If my 13 year old neighbor, who cuts my grass for a living writes a letter than "your hearing loss is at least as likely as not from exposure to noise in the military service", then the VA wont recognize that examiner, unless you show his or her CV, say, if its Doogie Howsier MD.  

   The answer to your question would therfore depend on the evidence (especially evidence against the claim).  

   Whenever possible you try to throw an "ACE".  (Remember the card game of WAR, where each lays down a card, and the higher card picks up both cards).  

    You may get away with throwing down an 8, but only if you are pretty sure he has a 7 or less.  

     An MD, with years of experiene in your field of medicine is an Ace.  

     A King, could be a NP with years of experience.  

     They go down from there.  

     "If" you have the complete VBMS file, or at least your medical records to include C and P exams, you get to "see" the cards your opponent has, so you can tell which one you need to beat it.  

Edited by broncovet
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10 hours ago, broncovet said:

The VA uses NP's all the time to perform c and p exams.  But, the VA c and p examiner has a "presumption of soundness" while you dont get that benefit, when "you" order your own exam, such as an IME or IMO.   For that reason, if you hire an IMO/IME, always include the examiners CV, where he went to medical school, his degree, and experience diagnosis and treating your condition(s).  

Fantastic advice. I am at this stage now.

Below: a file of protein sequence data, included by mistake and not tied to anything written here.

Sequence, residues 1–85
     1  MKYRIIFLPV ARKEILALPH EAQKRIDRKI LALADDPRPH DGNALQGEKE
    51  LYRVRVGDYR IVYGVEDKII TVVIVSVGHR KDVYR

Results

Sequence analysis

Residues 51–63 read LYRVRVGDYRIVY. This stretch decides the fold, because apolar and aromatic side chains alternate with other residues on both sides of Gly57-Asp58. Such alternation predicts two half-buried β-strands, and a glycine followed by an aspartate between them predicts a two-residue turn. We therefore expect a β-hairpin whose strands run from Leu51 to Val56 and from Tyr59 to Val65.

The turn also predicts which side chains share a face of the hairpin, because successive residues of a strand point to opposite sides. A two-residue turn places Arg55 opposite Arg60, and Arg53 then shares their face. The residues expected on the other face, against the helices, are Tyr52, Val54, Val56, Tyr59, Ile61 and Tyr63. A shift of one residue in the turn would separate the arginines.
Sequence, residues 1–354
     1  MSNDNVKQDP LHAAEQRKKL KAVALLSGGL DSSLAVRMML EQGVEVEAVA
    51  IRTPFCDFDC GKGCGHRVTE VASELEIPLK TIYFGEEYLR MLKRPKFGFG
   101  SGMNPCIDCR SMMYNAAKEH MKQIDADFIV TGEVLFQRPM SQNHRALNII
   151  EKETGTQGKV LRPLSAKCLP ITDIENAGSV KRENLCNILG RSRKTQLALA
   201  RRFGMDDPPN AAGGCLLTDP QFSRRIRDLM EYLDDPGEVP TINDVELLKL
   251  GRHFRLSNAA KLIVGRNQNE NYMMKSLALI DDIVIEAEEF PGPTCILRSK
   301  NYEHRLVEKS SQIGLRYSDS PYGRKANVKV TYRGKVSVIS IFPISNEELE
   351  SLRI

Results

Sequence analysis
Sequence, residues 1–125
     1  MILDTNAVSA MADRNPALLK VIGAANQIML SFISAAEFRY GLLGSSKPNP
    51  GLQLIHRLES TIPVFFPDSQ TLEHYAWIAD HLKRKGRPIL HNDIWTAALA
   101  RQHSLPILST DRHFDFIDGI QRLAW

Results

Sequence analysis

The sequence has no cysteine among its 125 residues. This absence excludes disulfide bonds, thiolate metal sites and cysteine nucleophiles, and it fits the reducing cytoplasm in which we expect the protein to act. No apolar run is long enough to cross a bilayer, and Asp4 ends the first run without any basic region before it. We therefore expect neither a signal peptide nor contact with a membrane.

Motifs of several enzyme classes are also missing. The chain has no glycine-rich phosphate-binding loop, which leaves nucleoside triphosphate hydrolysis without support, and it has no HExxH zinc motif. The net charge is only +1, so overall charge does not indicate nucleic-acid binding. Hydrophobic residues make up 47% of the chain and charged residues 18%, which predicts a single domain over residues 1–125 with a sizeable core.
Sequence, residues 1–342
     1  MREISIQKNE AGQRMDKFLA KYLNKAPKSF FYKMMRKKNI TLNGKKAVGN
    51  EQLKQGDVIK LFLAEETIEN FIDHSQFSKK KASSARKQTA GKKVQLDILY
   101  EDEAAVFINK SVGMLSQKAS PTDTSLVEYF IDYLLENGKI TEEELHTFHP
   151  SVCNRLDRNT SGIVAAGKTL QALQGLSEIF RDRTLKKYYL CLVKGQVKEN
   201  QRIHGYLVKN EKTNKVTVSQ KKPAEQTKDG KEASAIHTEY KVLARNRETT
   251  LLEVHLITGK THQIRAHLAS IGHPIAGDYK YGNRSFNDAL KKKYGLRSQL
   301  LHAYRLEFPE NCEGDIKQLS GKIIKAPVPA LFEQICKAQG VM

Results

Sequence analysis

10 hours ago, broncovet said:

"If" you have the complete VBMS file, or at least your medical records to include C and P exams, you get to "see" the cards your opponent has, so you can tell which one you need to beat it.  

Yeah and unfortunately my attorney's paralegal assumes a gatekeeper role to whatever I might inquire about in the VBMS. It was like pulling teeth, after several requests. Finally, I mentioned getting a copy of the C-File. "Oh I can do that," she says, "just fill out this electronic request form and I'll submit it."  After a few months I call 1-800-Peggy and no record of request. So, a few days ago I made the request myself in writing and sent it to the appropriate address given to me by 1-800-Peggy.

The paralegal has a lot of experience in SS claims and next to zero in Vets claims. It's hard for her to budge when it comes to wanting C-File info and can't understand why I should want it when the attorney is handling all of that.  Weird huh?  Without that info I can't do anything for myself and my attorney is too busy to micromanage my medical stuff.

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17 hours ago, Mr cue said:

If you need a voc rehab opinion why not just sign up for ch31 it a free opinion.

I'll look into this. Thanks.